In this article I introduce the reader to the business model of prospect generators, or project generators as an alternative to straight-up mining companies. In subsequent articles I will discuss individual companies.
1: What is a Prospect Generator?
Prospect generator is a term that describes companies with a couple of different business models, but in general they are companies that focus on mine exploration, and they delegate more capital intensive mining tasks to other companies. Before I delve into the specifics investors should be familiar with the basic procedural timeline of a mine, that is how it goes from being a plot of land to being a mine.
A: The Procedural Timeline of a Mine
Mining companies begin as junior explorers: that is they consist of the following elements: land, capital, and people (management and geologists). At this point the mining company's goal is to find geological configurations on the land that can become economical mines: i.e. rocks and minerals that can be extracted from the land and separated into their element components and sold on the open market at a profit. The probability of a mining company succeeding at doing this at this early stage is extremely slim, as most exploration efforts do not yield these aforementioned geological configurations.
Assuming that a company has found such a geological configuration the next step is to develop a mine (after all, it is still just a bunch of rocks in the ground). Developing a mine includes building the infrastructure necessary for extracting the valuable rocks out of the ground, developing further infrastructure for transporting the extracted rocks to a refinery so that the valuable elements can be prepared for sale on the market. In addition to infrastructure development there is a lot of regulatory compliance that needs to be done so that the mine is legal once it goes into production.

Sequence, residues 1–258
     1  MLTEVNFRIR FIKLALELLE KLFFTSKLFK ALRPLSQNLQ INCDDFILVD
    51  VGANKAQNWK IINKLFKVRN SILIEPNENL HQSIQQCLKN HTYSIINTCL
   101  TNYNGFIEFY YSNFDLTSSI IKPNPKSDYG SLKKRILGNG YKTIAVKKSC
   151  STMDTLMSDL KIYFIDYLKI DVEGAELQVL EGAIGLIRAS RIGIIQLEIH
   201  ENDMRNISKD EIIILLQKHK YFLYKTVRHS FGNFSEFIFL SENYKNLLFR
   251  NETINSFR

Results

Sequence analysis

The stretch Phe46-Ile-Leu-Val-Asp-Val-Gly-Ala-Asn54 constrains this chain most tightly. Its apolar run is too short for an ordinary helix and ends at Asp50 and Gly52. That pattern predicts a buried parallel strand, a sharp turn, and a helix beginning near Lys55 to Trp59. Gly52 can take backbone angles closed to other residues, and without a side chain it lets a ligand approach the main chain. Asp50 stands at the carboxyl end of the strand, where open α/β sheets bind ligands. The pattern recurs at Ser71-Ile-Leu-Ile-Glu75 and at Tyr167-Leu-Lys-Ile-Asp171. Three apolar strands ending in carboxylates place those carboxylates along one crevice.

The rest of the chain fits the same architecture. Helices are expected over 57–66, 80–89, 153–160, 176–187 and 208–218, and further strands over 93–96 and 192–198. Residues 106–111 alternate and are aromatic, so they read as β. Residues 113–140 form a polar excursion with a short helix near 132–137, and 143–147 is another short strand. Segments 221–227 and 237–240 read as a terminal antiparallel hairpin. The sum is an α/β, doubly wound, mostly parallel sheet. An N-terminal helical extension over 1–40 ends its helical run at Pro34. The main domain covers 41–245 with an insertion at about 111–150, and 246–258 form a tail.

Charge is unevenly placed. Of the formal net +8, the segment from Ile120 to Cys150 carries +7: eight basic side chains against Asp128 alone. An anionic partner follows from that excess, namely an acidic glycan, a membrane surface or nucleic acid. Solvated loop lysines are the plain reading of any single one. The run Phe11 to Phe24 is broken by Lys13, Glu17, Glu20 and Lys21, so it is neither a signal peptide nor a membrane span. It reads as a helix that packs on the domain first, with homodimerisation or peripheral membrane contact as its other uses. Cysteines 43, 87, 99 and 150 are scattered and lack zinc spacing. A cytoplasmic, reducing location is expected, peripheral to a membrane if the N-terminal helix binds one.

Once development is complete the mine can go into production.
B: Justifying the Prospect Generator Business Model
Exploration and development are incredibly costly, and they are also high risk entrepreneurial endeavors.
Exploration often yields nothing of value, and in order for many exploration companies to stay afloat they need to issue additional shares. Unfortunately many companies fail in the exploration stage, or they enter a cycle whereby they issue shares and each time they do so they use the new capital to explore and find nothing.
Development often takes several times more capital than development-stage companies have access to. . For example, Pretium Resources (NYSE:PVG) has roughly $20 million in cash, but it estimates that its Brucejack project will cost nearly $500 million to bring to production